One of my all-time favorite print ads came out right after man first landed on the moon. It shows a model of the Lunar Module (the spider-shaped spacecraft the astronauts used to fly to the moon) on a depiction of the moon's surface. Underneath the photo is a simple statement: "It's Ugly, But It Gets You There".
That was among numerous creative ads and commercials dreamed up by Volkswagen, the German-based automobile company whose best-known model in the 1960's was called "The Bug". If you were in the market for creature comforts, this was definitely NOT your car. I remember riding in one owned by a co-worker of my father when I was in high school. The seats were hard, the heater worked (maybe), and my transistor radio had better fidelity than the radio in this vehicle. And no air conditioning.
And yet, the car was a hit. And I think its clientele in that era was America's youth. At less than $2,000, it was useful as a new driver's first car. It was relatively simple to service. It was the first car I ever heard of that was marketed for its gas mileage (27 miles per gallon, the ads said). And to a generation bent on protest, revolution and "doing your own thing", it wasn't your father's anything.
I remember a story in the auto industry trade magazine Motor Trend in 1968, which said Volkswagen (the abbreviation VW, by the way, has one more syllable than the name itself) had surpassed Chrysler for number three in the world auto sales market. And while, I bet, the U.S. auto industry paid little attention to that statistic at the time, it may have been the beginning of the end of American auto-making dominance.
It wasn't long before the Japanese joined the competition. By 1970, Toyota and Datsun (now Nissan) put cars in U.S. showrooms. Honda, once known mainly as a motorcycle, joined in not too long afterward.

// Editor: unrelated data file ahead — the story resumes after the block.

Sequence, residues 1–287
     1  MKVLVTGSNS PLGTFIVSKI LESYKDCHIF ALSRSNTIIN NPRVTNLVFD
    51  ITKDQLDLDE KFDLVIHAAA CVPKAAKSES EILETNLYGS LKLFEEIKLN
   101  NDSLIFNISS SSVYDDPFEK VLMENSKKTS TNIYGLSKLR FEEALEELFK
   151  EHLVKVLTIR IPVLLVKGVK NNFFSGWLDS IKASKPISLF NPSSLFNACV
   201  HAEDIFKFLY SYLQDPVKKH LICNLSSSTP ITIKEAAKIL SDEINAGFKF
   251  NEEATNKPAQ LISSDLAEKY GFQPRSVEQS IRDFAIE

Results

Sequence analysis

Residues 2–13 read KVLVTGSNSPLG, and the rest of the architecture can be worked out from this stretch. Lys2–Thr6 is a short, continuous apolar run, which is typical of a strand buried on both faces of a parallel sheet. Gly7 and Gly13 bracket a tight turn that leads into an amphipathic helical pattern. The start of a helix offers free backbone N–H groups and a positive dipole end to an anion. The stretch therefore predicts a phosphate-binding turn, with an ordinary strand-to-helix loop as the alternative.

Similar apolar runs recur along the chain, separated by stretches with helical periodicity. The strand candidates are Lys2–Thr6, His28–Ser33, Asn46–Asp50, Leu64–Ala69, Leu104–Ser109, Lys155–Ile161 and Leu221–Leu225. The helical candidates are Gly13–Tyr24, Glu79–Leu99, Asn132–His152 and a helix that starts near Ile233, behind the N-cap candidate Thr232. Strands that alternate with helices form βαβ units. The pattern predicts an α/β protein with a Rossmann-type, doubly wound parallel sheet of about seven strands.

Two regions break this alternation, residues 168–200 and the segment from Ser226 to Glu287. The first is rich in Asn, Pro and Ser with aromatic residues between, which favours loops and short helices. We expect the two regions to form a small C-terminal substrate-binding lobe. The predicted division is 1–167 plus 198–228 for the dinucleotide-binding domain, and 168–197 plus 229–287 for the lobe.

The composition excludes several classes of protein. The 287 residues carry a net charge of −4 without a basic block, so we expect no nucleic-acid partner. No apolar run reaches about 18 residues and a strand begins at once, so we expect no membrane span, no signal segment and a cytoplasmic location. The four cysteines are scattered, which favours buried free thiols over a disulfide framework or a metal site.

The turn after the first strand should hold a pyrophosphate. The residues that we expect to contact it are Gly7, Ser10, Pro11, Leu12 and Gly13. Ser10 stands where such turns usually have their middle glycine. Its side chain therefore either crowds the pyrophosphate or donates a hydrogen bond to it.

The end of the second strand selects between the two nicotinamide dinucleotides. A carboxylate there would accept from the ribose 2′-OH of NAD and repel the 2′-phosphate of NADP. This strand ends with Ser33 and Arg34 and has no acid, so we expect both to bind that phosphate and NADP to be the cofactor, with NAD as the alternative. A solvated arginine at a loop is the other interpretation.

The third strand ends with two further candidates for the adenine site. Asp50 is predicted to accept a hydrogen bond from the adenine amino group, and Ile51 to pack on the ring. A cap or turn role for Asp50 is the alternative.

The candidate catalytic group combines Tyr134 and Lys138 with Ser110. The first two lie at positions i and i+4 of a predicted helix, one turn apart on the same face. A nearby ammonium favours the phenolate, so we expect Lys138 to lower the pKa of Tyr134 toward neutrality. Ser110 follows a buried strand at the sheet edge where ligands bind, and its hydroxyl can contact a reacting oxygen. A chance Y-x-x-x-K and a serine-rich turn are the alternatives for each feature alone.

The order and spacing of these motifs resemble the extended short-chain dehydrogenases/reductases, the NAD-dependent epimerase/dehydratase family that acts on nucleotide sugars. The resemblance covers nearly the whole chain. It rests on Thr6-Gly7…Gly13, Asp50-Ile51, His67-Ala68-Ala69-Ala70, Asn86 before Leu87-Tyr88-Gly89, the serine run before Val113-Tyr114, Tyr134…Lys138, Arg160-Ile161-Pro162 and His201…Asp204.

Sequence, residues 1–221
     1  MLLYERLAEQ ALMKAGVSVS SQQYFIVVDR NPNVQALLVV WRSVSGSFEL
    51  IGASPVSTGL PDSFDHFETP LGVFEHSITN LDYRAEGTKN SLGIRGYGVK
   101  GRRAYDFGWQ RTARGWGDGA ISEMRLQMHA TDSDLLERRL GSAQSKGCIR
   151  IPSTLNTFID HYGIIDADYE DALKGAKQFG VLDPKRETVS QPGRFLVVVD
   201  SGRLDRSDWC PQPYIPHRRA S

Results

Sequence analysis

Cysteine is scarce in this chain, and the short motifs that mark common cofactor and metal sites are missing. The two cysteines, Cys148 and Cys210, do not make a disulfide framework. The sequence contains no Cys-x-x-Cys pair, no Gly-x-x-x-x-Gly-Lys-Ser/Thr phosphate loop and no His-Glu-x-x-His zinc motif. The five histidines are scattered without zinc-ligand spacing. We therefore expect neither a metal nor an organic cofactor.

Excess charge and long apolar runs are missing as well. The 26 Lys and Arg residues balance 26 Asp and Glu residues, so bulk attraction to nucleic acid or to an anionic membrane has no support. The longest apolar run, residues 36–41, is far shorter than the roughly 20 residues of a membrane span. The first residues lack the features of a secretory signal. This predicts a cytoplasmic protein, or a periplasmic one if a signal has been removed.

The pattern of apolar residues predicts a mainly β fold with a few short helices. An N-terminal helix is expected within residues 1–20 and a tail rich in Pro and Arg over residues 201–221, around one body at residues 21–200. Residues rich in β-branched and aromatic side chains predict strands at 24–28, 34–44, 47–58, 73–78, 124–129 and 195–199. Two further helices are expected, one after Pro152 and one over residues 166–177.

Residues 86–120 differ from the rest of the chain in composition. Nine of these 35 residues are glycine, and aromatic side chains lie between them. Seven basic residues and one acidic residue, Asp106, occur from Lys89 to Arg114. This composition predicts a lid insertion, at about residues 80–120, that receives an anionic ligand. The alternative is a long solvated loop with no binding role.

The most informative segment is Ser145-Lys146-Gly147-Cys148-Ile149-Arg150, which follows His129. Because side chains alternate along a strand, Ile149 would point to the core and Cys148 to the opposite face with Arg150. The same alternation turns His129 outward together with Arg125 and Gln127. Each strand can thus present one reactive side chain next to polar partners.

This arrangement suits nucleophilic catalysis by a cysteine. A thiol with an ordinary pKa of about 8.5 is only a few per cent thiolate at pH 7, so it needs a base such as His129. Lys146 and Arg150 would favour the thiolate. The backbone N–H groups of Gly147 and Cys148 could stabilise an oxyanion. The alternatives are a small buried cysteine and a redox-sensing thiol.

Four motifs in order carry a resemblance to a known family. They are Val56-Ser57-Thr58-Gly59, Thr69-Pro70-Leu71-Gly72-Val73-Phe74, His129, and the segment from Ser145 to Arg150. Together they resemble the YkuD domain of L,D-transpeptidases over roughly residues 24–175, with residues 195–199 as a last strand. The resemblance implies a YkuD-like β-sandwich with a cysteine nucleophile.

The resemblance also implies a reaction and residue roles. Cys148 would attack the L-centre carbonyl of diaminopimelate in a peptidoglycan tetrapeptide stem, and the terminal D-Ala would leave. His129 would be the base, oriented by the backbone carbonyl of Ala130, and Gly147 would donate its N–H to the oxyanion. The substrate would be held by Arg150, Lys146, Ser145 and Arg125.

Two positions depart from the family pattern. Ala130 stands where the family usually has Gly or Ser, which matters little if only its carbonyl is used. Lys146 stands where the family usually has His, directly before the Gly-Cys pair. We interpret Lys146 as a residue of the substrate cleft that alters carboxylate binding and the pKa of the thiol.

The American car companies tried their own small or "subcompact" cars, to try to blunt the foreign invasion, but a lot of their efforts were laughable. Remember the Chevrolet Vega? How about the Ford Pinto, which exploded in a rear-end collision? And American Motors (remember them?), which really did have some success with small cars, gave us the Gremlin and Pacer (the latter best known for its appearances in the "Wayne's World" movies).
As the Japanese gained a foothold, Volkswagen's market share began to fall. I don't see as many of them as I used to, although the original "Bug" is a collectors item. And before the recent downturn, Toyota was nipping at the heels of long-time leader General Motors for the world-wide number one position in auto production and sales.
One disclaimer: I have never officially owned a car by a foreign company. In fact, all but one of the cars I've owned have been produced or marketed by G.M. (the lone exception being a Ford Escort). But the fact is, the foreign invasion is nearly complete. So much so, that most people own a Toyota, Honda or Nissan, and don't even think about its being the product of boardrooms in Tokyo, or some similar Japanese city.
But they didn't lead the invasion. It was the same country which started World War II by invading Poland. And, in the economic sense, the Germans and Japanese finally won the war.